I’ve always been fascinated at human behavior – even before I moved from Engineering to Sales almost 20 years ago, I was always watching how people reacted to situations. Many people get their motivation (and persuasion) from getting angry, or passive, or funny. This fascination continued to grow as I moved into sales, and particularly when I got into a position to hire. Hiring salespeople is particularly challenging because good salespeople know exactly how to handle most interpersonal situations and can interact extremely well with different types of people.
Hiring is certainly much more of an art than a science. There are so many things that go into hiring the right candidate – culture, ability, timing. How do you find out how the salesperson will react when the customer tells me their deal that was “in the bag” has died? Or the developer who gets a customer call at 3am for something that she doesn’t feel is worthy of being woken up?
What things can you do to test “ability to handle stress”? I believe it’s one of the most important attributes an employee brings to the company. Unfortunately, I’ve determined that there is no silver bullet. Putting a job candidate in a bit of a stressful situation during the interview itself can help, but this tactic can’t measure all the different stressors an employee will face on the job. In addition, part of me feels a bit disingenuous doing something in an interview I’m highly unlikely to do in real life.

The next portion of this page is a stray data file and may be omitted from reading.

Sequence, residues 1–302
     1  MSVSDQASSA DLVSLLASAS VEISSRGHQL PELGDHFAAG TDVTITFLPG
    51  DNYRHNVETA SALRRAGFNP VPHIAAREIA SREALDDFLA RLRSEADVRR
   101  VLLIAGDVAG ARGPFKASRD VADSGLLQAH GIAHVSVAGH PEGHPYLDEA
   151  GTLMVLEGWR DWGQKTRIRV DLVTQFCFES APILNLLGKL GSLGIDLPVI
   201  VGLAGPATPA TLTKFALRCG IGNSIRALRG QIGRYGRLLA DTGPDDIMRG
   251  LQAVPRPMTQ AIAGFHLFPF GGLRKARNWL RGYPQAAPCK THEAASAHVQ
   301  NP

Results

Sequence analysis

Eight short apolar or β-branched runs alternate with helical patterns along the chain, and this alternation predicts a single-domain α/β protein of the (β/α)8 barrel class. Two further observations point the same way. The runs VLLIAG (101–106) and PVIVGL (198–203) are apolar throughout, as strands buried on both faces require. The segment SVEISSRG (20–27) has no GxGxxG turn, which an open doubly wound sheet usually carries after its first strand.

To address this, I like to listen carefully to certain interview questions and try to expand on their answers to go deeper into their emotional depth:
- What’s the worst thing that has happened to you in your career? How did you deal with it? How long did it take you to reach a resolution? What would you do differently if you could do it over again?
- Describe your day – are most days similar or different? Describe your “routine” – or lack thereof.
- Name the attributes of the people you tend to get along with the best in your company, and the attributes of the people you get along with the least.
Stress is the #1 reason why people struggle or fail at a company, and yet we don’t have an accurate way of measuring how people handle stress, and more importantly, we don’t tend to have ways to help our employees cope with stress once on the job. This could be a top area for disruption.